Yields can plummet by 6-10 tons/acre when spider mites infest silage corn. To add insult to injury, these tiny creatures also harm quality, according to recent University of California (UC) Extension research.

Silage-corn yield was compared on field plots treated with miticides vs. untreated check plots in 2010 and 2012. Quality wasn’t an original objective of the study, said Carol Frate, Tulare County farm advisor. She spoke at the Forage Seminars at World Ag Expo in February.

“But uncontrolled spider mites reduce quality,” said Frate. The untreated control plots had higher fiber, lower total digestible nutrients (TDN), and in one trial lower protein and lower starch in the other.


 

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In one of her trials, she counted more than 1,000 spider mites on a leaf from an untreated control plot.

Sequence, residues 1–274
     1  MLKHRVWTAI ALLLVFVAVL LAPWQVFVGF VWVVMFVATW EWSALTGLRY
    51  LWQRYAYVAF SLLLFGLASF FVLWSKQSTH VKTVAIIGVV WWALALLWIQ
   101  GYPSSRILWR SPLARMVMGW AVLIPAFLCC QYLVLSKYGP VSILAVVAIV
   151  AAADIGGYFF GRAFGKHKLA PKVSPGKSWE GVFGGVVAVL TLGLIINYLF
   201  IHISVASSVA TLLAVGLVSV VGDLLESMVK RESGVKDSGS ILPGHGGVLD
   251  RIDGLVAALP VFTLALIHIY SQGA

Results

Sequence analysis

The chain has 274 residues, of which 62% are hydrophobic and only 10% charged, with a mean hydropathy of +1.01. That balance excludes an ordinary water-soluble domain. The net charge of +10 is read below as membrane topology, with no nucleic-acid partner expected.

“If you see any spider mites at all when the corn is still small enough to get in by ground, spray by ground,” she said. “It’s more effective than aerial application because the mites are on the undersides of leaves.”

Frate also advised switching use of labeled miticides to prevent resistance, as they have different modes of action. Brown midrib hybrids are more susceptible and dry, dusty conditions attract mites, she added.

For more on the trials and to view her presentation, visit the UC Tulare County's Pest and Weed Information.